Black Lives Can’t Matter Some of the Time

Joycelyn A. Wilson
Shaneku McCurty

The conversation about black lives "mattering" has once again entered the public discourse through the door of police brutality. Only this time, it was through the schoolhouse door. Earlier this week, Ben Fields, a sheriff's deputy and school resource officer at Spring Valley High School in South Carolina, dragged an African-American teen from her desk after she refused to comply with his demands. Fields was fired Wednesday.

Rewind to last week.

In DeKalb County, Ga., Shaneku McCurty, a 25-year-old resident who was on her way home from work, stopped at a convenience store to buy a $5 lottery ticket. Upon returning to her vehicle, she was shot and killed after fighting off a carjacker. The three suspects arrested in the shooting were 15- and 16-year-old African-American boys who, in my opinion, should have been home getting ready to go to school the next morning rather than loitering outside a store at 1 a.m. waiting to pull a jack move on innocent customers. But I digress. 


Her death, which is also on video, did not make it onto CNN, MSNBC or even Fox. Only the local channels. Does her black life not matter? Her killing—how she was killed, where she was killed, by whom she was killed—was not and has not been discussed within the context of the contemporary mattering movement. Last report I got, McCurty's family was still trying to raise the money to bury her.

Why has there not been collective outrage about Shaneku McCurty?

I suspect it is because she was not assaulted by the boys in blue. Otherwise, the world would know how her life was taken in cold blood and how she died on the floor of the very convenience store she had walked out of minutes before. Perhaps, even, her family wouldn't have to struggle to lay her to rest. But for some reason, we don't discuss or deal with intracommunity violence in the same context of mattering as we do when someone outside the community—like an officer—strips us of our dignity.   

I understand that the Black Lives Matter movement began as a contemporary response to the long history of contention between the police and the African-American community. However, within the context of the Black Lives Matter movement, is there room for people like me who want to address the senseless violence within my community? Is it not time to extend its concepts and methods beyond the interaction with law enforcement to an activist space focusing on the ways in which we interact with each other?

Currently, there's the conversation about police brutality and criminalization of black people, and then there's a separate one on internal brutalities. But police violence and community violence are inextricably linked. Often, where you see concentrated intracommunity violence, you will more than likely find police violence. Quite honestly, I'm exhausted with separate conversations about mattering when the reality is that blue-on-black violence and black-on-black violence have intersecting consequences: dead or imprisoned black people.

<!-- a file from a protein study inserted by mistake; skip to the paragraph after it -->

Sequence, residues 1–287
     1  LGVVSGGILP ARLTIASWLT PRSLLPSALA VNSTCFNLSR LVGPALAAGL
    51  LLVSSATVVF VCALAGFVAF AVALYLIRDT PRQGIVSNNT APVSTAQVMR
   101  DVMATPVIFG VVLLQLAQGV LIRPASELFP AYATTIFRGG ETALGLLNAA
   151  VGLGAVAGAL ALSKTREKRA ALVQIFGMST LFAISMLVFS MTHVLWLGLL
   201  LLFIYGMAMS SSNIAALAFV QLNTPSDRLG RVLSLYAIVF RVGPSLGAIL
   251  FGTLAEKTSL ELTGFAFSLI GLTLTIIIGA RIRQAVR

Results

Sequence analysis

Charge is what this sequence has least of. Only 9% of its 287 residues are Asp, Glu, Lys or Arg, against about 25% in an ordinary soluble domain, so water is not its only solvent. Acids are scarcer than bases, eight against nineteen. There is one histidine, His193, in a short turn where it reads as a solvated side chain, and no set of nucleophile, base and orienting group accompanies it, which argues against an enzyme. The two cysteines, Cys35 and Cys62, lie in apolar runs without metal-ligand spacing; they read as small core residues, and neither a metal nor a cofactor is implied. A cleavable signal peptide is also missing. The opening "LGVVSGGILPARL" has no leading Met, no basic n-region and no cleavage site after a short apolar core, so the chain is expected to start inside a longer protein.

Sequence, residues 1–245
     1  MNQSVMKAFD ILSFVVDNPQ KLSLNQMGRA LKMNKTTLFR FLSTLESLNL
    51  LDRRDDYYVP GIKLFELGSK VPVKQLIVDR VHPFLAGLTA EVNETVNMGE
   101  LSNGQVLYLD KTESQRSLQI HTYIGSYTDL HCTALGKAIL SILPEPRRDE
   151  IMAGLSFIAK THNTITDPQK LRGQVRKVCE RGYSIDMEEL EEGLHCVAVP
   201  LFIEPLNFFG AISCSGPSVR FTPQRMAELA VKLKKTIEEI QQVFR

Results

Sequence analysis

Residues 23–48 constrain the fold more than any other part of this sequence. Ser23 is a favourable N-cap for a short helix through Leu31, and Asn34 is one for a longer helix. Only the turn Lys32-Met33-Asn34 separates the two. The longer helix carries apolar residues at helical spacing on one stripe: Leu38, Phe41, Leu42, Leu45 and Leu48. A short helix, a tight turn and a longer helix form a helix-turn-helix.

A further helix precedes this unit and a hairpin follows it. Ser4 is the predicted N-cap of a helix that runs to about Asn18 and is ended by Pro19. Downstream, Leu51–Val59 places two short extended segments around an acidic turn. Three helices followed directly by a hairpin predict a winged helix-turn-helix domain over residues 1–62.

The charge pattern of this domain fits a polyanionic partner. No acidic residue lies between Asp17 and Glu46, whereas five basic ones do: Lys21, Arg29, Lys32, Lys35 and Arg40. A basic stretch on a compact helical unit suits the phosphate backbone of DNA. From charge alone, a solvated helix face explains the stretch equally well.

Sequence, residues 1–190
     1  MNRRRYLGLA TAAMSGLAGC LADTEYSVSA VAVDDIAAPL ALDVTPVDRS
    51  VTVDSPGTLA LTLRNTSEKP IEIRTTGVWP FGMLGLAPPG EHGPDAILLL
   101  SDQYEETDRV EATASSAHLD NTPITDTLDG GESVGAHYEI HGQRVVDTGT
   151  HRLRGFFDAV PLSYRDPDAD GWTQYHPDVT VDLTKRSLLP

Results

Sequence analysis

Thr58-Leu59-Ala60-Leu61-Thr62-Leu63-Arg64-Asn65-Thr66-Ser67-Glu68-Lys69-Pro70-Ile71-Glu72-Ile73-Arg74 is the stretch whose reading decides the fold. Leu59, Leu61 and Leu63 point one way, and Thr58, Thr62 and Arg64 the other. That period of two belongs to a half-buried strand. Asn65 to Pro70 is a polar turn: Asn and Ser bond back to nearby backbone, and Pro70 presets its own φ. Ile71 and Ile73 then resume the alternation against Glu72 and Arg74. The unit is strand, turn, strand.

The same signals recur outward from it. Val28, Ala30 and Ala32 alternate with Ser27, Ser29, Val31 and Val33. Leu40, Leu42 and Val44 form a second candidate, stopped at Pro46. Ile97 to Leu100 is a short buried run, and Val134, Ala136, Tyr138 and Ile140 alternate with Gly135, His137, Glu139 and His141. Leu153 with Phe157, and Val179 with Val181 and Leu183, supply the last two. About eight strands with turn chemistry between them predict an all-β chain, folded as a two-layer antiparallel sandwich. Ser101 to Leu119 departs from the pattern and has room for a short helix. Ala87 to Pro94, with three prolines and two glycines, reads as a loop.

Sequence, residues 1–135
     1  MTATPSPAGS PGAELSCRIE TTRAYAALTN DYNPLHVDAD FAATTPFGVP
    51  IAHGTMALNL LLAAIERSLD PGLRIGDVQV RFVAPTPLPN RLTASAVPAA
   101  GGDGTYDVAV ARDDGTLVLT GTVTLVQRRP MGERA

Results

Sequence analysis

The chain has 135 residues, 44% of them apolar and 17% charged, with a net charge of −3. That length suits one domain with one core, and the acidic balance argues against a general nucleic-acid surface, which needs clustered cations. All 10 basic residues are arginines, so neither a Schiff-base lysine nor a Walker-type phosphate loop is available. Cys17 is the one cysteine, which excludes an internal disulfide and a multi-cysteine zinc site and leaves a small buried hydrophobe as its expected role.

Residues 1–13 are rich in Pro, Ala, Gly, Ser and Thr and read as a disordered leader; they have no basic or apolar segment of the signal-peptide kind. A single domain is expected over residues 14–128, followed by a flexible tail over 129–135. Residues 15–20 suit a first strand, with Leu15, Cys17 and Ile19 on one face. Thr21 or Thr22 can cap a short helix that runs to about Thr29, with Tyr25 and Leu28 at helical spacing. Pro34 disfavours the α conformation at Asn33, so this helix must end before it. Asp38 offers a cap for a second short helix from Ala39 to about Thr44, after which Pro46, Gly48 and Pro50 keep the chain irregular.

Let me be clear: I'm not trying to sound like Bill O'Reilly. So miss me with the "She sounds like a conservative" nonsense. I raise these questions because I can't help wondering how much stronger my community would be if we operated from a common, collective, self-determining vision for enjoying the fruits of our labor, for educating our youth for posterity and for solving our own challenges. 

I'm sure it's possible to focus on one aspect of violence and criminalization, but the stakes are too high for African Americans to continue fragmenting issues when one issue can adversely influence another. 


A self-determining community's relationship with itself must be strong and superlative to its relationship with external institutions. To continue separating the outcomes is to engage in the very system of Western world "either-or" thinking that's under criticism. For example, black lives matter in the face of police brutality, but black-on-black brutality is a separate issue. They are not when black bodies are heinously assaulted and/or killed. Why is the "how" the benchmark for mattering? Why can't we take a "both-and" approach?

One way to start is to continue calling out the bad boys in blue over social media. The ones who hide their racist ways and fear of brown and black bodies behind the badge must be accountable. But we must also acknowledge those who hold in high esteem the oath they took to serve the communities they are paid to protect. It took less than 24 hours for DeKalb County police, working with the local community, to find the three young men responsible for McCurty's death. They did not allow her age, race or gender to interrupt the resources poured into finding her killers. 


Unfortunately, McCurty is dead. And these teens have died a spiritual death as they prepare to add to a prison registry dominated by African-American men. 

Let's not let the death of McCurty be an isolated incident distinct from police violence such as this latest example at Spring Valley High. They are both "mattering" moments in need of focused prevention, healing and collective vision. The BLM movement is like the root of the rhizome. Perhaps now is the time to add another stem. Or should we just give up the illusion that we are a community and continue to fulfill the stereotypical perceptions created for us?


Joycelyn A. Wilson is an assistant professor in the educational foundations program at Virginia Tech and director of the Four-Four Beat Project. Follow her on Twitter.

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